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Makumozo (Forget Obsession)


Makumozo means ‘forget obsession’.

It’s no exaggeration to say that I drew this one for myself, I, who had been writhing in agony for a long time. I feel that I had finally liberated my feelings from suffering by drawing this.

Also, I wanted to provide to people who are hurting or suffering from various pains like me, the least opportunity to lend their ears to Buddha’s words. I made up my mind to interpret the legacy of the words of Buddha and express them in this picture – ‘Makumozo’, and other artwork that I have done after this. Hence, Makumozo, for me, is an extremely important piece.

A crown with the head of a lion, placed on the head with red hair standing erect is reminiscent of Aizen Myō-ō (Ragaraja in Sanskrit). This Aizen Myō-ō has a venerable status of Mikkyo (esoteric Buddhism) and is said to lead people’s sexual desire, as it is, to enlightenment.

The face that I drew of Aizen Myō-ō, is modeled on a close resemblance of my own.

Furthermore, the face of the severed head, floating in mid-air and my hand placed on it, is also modeled after me.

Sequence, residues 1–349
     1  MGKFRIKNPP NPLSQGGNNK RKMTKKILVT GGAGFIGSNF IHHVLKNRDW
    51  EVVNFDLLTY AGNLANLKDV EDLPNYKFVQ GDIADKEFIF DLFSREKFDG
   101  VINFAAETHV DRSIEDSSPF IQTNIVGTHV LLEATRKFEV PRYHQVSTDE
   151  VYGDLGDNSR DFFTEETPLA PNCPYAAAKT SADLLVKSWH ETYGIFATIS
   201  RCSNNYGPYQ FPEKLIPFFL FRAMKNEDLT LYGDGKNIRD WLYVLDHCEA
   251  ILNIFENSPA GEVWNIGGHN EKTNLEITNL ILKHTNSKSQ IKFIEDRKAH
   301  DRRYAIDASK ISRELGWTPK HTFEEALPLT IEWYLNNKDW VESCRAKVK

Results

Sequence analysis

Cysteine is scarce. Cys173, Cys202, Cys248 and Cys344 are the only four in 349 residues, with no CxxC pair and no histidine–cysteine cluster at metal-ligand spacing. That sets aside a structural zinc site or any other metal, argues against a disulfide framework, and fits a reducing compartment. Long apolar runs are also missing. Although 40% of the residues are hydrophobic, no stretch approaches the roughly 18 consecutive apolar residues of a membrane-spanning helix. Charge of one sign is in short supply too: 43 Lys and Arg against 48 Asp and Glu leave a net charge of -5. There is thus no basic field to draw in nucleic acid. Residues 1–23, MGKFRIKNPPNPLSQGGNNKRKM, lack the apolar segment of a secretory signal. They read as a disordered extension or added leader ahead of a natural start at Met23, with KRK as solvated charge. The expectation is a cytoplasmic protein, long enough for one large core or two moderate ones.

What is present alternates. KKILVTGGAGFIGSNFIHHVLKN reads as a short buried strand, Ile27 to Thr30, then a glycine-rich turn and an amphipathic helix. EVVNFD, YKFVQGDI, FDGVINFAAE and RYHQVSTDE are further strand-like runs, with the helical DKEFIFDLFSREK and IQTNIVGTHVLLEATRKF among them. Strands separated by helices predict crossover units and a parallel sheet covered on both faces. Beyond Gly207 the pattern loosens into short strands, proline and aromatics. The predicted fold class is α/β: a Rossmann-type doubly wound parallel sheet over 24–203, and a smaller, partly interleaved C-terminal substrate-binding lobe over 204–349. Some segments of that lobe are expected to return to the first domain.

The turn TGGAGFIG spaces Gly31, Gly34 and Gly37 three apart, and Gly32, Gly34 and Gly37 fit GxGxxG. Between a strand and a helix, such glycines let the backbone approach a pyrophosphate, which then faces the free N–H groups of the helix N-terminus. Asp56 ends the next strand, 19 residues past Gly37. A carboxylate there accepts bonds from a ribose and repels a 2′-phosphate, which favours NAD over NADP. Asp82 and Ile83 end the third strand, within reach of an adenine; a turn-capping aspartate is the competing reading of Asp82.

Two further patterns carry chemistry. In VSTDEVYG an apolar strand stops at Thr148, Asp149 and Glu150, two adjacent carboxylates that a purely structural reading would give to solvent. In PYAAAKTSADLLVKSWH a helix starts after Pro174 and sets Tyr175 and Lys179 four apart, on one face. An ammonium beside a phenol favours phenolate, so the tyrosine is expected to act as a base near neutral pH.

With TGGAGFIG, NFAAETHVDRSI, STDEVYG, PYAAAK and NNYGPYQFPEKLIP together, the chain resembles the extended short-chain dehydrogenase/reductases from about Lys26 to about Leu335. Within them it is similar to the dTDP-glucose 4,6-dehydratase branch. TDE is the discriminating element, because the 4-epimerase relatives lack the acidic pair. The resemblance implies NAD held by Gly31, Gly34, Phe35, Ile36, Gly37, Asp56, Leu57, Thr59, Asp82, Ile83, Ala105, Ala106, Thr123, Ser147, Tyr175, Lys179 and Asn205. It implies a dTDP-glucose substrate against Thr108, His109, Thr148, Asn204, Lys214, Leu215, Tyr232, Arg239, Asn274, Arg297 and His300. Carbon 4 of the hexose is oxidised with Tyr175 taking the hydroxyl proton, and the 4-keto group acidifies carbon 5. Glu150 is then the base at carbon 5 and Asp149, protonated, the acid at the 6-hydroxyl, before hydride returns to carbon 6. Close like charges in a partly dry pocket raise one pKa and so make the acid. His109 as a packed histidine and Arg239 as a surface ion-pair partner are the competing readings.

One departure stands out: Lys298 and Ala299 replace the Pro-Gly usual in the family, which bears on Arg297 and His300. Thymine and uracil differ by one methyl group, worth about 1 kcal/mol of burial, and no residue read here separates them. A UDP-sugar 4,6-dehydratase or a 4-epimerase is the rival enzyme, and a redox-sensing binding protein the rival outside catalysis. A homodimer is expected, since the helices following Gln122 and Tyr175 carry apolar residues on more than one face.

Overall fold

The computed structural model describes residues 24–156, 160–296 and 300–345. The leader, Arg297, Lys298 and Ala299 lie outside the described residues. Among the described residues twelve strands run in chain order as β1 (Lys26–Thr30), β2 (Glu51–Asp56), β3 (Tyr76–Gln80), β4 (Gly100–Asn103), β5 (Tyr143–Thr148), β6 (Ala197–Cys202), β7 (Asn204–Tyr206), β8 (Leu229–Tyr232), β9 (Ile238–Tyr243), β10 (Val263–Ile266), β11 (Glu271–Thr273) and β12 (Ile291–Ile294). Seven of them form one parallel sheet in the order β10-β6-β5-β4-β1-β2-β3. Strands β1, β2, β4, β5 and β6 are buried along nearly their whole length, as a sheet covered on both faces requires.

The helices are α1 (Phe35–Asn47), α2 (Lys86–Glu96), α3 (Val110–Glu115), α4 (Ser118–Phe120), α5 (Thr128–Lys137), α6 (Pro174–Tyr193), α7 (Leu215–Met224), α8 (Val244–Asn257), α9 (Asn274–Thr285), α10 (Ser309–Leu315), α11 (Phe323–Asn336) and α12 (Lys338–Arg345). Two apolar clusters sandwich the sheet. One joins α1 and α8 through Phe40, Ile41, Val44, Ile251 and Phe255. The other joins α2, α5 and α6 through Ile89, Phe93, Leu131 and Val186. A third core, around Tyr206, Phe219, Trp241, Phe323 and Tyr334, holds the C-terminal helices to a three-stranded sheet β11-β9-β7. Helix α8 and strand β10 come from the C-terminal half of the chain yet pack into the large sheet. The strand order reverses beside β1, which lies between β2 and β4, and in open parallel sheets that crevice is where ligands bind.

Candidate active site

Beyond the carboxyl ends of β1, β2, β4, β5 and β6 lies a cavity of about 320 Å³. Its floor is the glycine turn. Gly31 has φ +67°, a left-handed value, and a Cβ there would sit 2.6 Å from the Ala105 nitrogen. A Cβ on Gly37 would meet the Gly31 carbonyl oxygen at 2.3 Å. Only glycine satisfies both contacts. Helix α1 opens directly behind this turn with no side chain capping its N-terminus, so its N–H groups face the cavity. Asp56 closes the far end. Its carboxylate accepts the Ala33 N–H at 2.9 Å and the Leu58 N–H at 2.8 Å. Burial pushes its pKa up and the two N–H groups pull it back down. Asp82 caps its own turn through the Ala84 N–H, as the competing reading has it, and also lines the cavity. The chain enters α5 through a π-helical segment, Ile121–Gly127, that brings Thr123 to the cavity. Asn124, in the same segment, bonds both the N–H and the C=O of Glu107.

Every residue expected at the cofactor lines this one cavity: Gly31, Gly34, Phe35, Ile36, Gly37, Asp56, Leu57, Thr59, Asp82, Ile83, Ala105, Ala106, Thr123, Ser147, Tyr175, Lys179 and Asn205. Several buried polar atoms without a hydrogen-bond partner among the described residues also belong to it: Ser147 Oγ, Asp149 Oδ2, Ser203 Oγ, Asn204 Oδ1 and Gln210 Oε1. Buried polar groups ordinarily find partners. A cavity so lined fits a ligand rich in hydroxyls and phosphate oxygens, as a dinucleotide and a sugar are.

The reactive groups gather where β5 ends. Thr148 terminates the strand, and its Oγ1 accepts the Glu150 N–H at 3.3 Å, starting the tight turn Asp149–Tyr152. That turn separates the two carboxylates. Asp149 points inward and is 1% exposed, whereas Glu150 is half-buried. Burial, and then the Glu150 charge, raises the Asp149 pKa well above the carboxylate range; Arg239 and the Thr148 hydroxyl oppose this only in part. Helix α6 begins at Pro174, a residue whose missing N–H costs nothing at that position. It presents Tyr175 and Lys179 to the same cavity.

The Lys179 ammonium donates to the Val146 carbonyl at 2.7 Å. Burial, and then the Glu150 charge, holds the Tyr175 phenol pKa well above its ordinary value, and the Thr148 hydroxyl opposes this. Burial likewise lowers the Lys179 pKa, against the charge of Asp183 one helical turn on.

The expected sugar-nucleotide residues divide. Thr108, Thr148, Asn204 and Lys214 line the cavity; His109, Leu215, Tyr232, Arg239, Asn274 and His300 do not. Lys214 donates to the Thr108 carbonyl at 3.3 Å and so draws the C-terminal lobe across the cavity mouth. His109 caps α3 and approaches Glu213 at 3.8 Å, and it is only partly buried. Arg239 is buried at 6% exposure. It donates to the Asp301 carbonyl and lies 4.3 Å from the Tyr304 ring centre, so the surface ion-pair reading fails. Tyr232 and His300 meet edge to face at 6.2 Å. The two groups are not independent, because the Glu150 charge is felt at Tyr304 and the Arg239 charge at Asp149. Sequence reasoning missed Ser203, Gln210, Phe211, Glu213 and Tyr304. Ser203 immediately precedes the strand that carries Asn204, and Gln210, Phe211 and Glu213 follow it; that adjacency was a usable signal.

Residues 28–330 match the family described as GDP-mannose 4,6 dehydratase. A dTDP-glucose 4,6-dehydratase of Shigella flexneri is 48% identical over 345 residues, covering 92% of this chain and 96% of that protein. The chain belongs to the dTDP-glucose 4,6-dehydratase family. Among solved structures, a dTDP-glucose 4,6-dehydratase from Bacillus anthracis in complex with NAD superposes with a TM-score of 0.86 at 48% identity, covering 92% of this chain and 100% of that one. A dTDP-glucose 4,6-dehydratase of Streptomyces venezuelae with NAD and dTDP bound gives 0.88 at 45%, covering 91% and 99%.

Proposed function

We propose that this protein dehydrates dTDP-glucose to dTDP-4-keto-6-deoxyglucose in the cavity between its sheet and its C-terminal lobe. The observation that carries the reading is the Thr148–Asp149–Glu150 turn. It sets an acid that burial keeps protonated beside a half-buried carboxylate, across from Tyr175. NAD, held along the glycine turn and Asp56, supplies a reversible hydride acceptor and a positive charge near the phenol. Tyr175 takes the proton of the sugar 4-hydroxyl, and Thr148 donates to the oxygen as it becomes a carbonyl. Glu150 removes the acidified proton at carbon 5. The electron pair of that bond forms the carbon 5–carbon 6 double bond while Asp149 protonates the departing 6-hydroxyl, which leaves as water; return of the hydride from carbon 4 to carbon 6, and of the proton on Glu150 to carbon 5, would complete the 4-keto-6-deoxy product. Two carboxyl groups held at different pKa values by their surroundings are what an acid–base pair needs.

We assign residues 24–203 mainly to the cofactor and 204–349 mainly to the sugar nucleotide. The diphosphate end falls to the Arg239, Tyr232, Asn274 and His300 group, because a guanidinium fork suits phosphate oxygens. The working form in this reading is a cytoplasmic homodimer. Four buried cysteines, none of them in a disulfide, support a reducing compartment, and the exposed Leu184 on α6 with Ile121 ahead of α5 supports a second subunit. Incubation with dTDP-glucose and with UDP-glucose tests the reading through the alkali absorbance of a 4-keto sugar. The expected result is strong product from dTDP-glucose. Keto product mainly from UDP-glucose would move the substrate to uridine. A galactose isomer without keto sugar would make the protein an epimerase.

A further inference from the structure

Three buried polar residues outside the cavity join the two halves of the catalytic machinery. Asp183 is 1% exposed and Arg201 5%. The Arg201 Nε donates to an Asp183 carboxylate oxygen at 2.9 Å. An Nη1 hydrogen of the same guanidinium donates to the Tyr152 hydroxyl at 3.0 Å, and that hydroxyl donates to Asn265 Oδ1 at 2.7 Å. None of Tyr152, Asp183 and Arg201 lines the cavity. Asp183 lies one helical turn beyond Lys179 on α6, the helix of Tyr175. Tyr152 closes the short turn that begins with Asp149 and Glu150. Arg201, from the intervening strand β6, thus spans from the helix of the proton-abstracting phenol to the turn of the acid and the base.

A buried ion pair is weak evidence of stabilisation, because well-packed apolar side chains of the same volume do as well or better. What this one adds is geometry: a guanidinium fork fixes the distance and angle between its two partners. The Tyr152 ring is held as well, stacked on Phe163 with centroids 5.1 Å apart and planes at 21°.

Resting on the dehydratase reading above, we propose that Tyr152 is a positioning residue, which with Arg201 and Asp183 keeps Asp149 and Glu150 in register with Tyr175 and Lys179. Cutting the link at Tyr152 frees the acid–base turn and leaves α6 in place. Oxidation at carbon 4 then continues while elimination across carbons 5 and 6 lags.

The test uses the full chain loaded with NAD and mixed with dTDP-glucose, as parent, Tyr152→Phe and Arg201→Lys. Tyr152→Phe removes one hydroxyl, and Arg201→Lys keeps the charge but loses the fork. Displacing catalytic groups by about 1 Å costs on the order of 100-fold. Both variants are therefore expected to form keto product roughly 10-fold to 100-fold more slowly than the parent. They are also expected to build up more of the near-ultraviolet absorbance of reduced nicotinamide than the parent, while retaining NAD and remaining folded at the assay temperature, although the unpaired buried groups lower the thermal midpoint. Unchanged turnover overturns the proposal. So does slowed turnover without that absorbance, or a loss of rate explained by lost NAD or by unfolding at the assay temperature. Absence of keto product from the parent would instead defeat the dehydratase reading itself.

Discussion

In those days I felt like doing nothing, as I kept thinking again and again of what had already happened in the past. Those days when something black had settled in the pit of my stomach and when I was dominated by feelings of hatred. And, those days when I kept protecting myself with feelings of resentment at someone/something out of self-pity.

Being such a person who was trapped into the past woes and who couldn’t live the present moment, I was pierced deeply by the word “Makumozo”.

Similarly, having read a verse from the teachings of Buddha, called “Ichiya Kenjya no Ge (Hymn of Ichiya Kenjya)”, I had started wondering, and wondered for months, as to which direction I, myself, should be heading towards.

I drew myself with an expressionless face to convey that there is no need to do anything for those conflicting feelings, as those feelings themselves have, in fact, no meaning. And I have allowed myself to take my own severed head that is soaked in feelings of hatred, thus quelling discontentment.

This does not mean that memories are lost, and sorrows vanish.

Embracing a feeling of resentment does not mean that the unpleasant facts had not taken place in the past.

But forgetting such facts of the past doesn’t mean ignoring “myself”. Me, who had lived the moment at that time.

What I could do is to retain the facts as they had happened, just as they were.

To remember all that, I drew this “Makumozo”.


Makumozo (Forget Obsession)

Media: Wood, Gofun (powdered chalk made of shells), Kōsai (Japanese tube paint), acrylic, gold leaf, and silver


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